Published on February 14th, 1999 | by Gerry Galipault0
SPY dabbles across genres
To say 23-year-old Joshua Ralph is all over the map is an understatement. His debut Lava/Atlantic album, “Music to Mauzner By” (released Feb. 3), dabbles in hip-hop, funk, classical, soul, gospel, pop and world music. It’s enough to make Beck’s head spin.
“As you can see, I don’t believe in categories,” Ralph said recently. “My rule is that you can put anything over a strong hip-hop foundation of a beat and people will groove to it, as long as the beat was heavy enough.
“I wanted to do something that had never completely been put together and with each song get crazier and top the next and go further away from what I was doing but still staying within melody and rhythm, yet in its scope it would be ‘How out of control will it be?’ I would call up my friend James Cox and go, ‘Dude, I think I’m firing up the Uptown Horns over this mariachi shit,’ and he’s like, ‘You’re crazy, dude.’ The next song, we had to get a gospel choir, and the next one have an orchestra.”
The Beck spirit is evident in such genre-bending tracks as “Baby,” “Desert Suite Conspiracy” and “Untitled 17.”
“Everything in the album, those aren’t influences as much as people I admire who are working today,” Ralph said. “I totally dig Beck, but a lot of this music was done before I had even heard a lot of his stuff. I always tell people that Beck breaks up these things within each song; for example, we both have a broad scope of music and an appreciation for music, whereas Beck will do it in each song, especially with ‘Odelay’ and the stuff earlier. It was more chopping up and throwing in influences in between songs; he definitely has a jovial manner to his stuff, whereas I was writing songs on what I was raised on – verse, chorus, verse, chorus.”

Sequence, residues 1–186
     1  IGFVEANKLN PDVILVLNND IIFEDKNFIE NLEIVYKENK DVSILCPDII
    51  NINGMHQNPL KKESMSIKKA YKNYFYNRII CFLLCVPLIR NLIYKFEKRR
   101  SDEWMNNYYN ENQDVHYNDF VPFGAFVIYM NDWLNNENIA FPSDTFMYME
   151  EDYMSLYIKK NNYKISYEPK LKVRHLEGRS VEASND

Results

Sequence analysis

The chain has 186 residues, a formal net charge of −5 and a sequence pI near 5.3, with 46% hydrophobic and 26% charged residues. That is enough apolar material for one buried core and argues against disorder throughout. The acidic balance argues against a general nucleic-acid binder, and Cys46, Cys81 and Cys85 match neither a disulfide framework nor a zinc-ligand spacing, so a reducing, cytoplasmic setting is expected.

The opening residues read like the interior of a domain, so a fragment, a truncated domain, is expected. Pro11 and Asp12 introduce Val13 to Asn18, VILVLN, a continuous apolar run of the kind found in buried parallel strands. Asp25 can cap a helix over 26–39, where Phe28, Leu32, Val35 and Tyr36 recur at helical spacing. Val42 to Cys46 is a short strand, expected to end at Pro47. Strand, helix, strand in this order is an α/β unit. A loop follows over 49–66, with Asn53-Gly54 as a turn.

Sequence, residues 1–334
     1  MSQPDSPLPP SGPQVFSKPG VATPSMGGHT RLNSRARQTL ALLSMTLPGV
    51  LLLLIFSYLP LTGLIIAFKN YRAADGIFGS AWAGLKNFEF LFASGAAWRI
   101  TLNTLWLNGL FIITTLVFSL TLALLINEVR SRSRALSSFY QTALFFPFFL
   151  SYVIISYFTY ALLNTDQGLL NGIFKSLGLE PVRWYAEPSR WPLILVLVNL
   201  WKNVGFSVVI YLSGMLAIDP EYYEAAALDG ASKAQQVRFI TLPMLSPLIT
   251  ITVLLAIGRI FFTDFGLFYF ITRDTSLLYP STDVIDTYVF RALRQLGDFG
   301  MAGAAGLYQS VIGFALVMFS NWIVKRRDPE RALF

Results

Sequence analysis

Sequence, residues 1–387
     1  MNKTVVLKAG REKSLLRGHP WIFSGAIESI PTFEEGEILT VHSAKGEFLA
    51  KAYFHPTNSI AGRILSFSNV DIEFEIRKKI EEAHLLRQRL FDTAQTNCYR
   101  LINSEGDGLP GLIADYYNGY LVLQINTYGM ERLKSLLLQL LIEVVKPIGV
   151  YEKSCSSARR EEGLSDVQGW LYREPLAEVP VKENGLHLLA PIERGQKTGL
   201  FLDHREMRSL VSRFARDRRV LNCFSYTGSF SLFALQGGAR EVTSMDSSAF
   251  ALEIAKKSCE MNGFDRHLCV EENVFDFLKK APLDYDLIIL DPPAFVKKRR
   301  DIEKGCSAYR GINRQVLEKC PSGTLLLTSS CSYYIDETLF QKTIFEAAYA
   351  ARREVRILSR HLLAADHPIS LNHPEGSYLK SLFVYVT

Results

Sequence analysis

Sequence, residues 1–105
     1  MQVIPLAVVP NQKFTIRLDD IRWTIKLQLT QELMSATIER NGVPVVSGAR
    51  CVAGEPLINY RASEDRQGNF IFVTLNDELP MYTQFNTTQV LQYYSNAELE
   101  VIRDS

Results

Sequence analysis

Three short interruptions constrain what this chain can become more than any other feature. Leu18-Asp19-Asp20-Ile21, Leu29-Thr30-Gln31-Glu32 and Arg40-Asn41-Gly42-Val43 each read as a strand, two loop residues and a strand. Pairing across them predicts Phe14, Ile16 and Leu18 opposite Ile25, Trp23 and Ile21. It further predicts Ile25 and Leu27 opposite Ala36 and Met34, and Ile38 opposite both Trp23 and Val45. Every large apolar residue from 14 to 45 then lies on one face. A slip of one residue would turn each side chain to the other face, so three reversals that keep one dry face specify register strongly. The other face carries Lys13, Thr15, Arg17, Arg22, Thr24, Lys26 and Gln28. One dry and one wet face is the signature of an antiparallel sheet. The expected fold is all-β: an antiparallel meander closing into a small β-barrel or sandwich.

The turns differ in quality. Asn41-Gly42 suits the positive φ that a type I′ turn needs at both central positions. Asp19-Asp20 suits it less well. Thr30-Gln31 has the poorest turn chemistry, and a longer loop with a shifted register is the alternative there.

Ralph attended New York University’s film school but seemed more preoccupied with his home recordings. A friend hooked him up with Alex Weil, who was working on another project with engineer Louis Scalise. Both played big roles in helping Ralph piece together his SPY demo, which eventually got into the hands of Lava president Jason Flom.
Last year, Ralph holed himself up for his virtual one-man show in an abandoned silent movie theater on the Lower East Side of Manhattan.
“When I got there, there had been this primer paint put down,” he said. “It was completely raw, so I got my hands on some Oriental rugs and a disco ball and antique Moroccan lamps and decadent red lights. I made it real warm and cozy. There were no windows, so you never knew what time of day it was.
“I did it from August to September, then we brought it back uptown in October and everybody wanted to sign us. After speaking to Jason, that guy is absolutely the best person, the best human being working in the business today, as far as standing behind acts and really meaning what he says … not to sound naive. He would go to the mat for you. You’re looking at somebody who signed SPY because of ‘Baby’ and then let me do a $60,000 orchestra piece on one song that for 90 percent of the people who buy that record I think won’t care about that piece. I’m not saying people won’t like it; people might not get it because it’s so far from ‘Baby.’ “
Not only does Ralph now find himself being called upon for soundtrack work with Dr. John, he and Cox are making waves in Hollywood. Their 10-minute short film, “Atomic Tabasco,” recently was awarded honorable mention at the Sundance Film Festival. Cox, who wrote three SPY tracks, has gone a step further: He signed a deal with producer Jerry Bruckheimer (“Beverly Hills Cop,” “Top Gun”) to write and direct “The Rock Star,” a film based on Cox’s own rock aspirations.
Ralph said that as long as he stuck to his goals, he knew good things would happen.
“Maybe this record’ll be the hugest thing,” he said. “Maybe nobody will care about it. There’s all these different levels to it. To an unsigned person, yeah, I got a great deal, but to someone who’s sold 5 million records, I’m just another ant, another band that got signed. Then someone who’s sold 5 million, to Dr. John, he’s like ‘So what, dude? What have you done that’s worth anything?’
“It’s not just about selling records and making money; yeah, it’s about money but on stuff that you feel is unique and can change people’s perceptions and catch them off guard. That’s what I’m trying to do.”
BWF (before we forget): Mauzner all you want with SPY on the Web @ www.atlantic-records.com.